I can’t tell you the number of times I’ve read a story and hated everyone except the side kick. While the heroine makes predictable (and often very, very stupid) decisions that show how brave and self-sacrificing she is, her snarky side kick offers much better advice and far more entertaining dialogue as he or she usually accompanies our lackluster heroine into danger. The worst is when the author kills off this magnificent character because of all a sudden, I really don’t care about the story anymore.

Then again, I’ve run into the opposite problem as well. The main character is hilarious and interesting, finding ways to outsmart his enemies and meet his love interest in creative ways. His sidekick plods along behind him, offering necessary plot lines that move the story forward or, worse, info dumps like it’s going out of style.

I hate both scenarios. I really love the stories that have well-rounded characters throughout, who move the story forward through their actions and personality, not just because they need to act as a narrative voice for the author who has found no other way of telling the reader something.

So here are some things I’ve done to stop myself from falling into either trap:

1) Character sketch

To start off, it would be so easy to insert a new (nameless) character for one or two lines for the sake of plot cooking. I sometimes do this for first draft only because at that point, I’m playing and exploring the world. The “one-line wonders” are there to help me figure out the world I’m building. Once I get serious about the story, I look at all of my characters (main and otherwise) shrewdly. If I can cut them from the story, I do. If they say something important, I look at why they’re saying it (how do they even know?). Character sketching, for me, tends to be a freewrite. I go into who they know (that is a main character), what their role in the story is (it is never allowed to be “To tell the main character something important”), their family, job, hopes, fears, anything that seems relevant. I’ve also pretended my character was on a game show or dating show and drafted some fake questions to ask them. Just the way that they respond to the questions tells me about the characters.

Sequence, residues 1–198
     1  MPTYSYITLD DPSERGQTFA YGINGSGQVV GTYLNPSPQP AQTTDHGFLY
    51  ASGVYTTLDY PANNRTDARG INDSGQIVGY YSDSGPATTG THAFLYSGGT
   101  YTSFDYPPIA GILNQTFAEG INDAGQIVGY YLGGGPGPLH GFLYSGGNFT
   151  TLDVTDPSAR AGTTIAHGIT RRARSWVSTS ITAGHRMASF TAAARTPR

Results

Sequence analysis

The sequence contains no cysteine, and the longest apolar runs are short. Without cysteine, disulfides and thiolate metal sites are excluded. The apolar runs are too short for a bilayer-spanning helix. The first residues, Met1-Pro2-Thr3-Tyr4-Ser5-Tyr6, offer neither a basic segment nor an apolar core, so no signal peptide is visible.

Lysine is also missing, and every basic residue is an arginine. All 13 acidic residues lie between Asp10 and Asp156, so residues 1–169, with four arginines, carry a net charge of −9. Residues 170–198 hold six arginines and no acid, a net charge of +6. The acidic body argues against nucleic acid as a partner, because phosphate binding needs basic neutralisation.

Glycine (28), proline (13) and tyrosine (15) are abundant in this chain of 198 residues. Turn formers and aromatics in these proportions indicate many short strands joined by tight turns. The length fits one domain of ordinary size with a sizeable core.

This way, when my side character interacts with the main character, it isn’t a live person talking to a wall. It is two different people with concrete goals and motivations talking to each other. Each character is a world unto himself.

2) Restraint

This is going to sound like it contradicts the first one but it’s all part of editing. It would be easy to get lost in character sketches for every single person that shows up in your story, especially if you write epic-length stories that span multiple books and universes (like mine invariably do). The restraint comes in when you realize that the information you are creating for your side character isn’t THAT important for the story to move forward.

For example, if my side character decides to reveal a secret to the main character because the main character reminds him of his young daughter, who was killed by the evil King’s army, then it would make sense for me to know the details of that side character’s life (how much family does he have, how did his daughter die, what was his reaction to it, etc.). Now, if I go in depth enough to note that this particular side character loves a hearty meal and went to a nobleman’s banquet when he was 14 because he snuck in and that his father whipped him when he got home because he’d stained his clothes… see how that doesn’t help the scene or any part of the future story? Especially if this character never shows up again. Try for focused sketching – just like in art, draw what’s inside the canvas. Peripherally know what is outside but keep your focus in the story.

3) Love your characters

This seems silly, I know, but you’ve got to love everyone in your story. It is too easy to make the main character someone you love and the villain as someone you hate. That is first draft thinking. If you really want to make a story that speaks to the truth in people, create gray characters. Create a villain that you sympathize with (important if the reader doesn’t find out who the villain is right away, as it will be more difficult to pinpoint). Find something you love about all of your characters, even if it’s something as simple as a side character’s red hair or the weird accent another one has. Whatever it is, find a way to infuse that in your writing. Some details I love: hands, fingers, gestures, blushing, freckles, moles, ears, hair, unique features, posture, the way they walk, a funny laugh, the sound of a voice. For my main characters, I love the way they reason through a problem and make a decision. Even if it’s the wrong decision (maybe especially then), I find that I love them for trying. I love when they realize they’ve made a mistake, when something terrifies them (because I am terrified with them), and when they want something.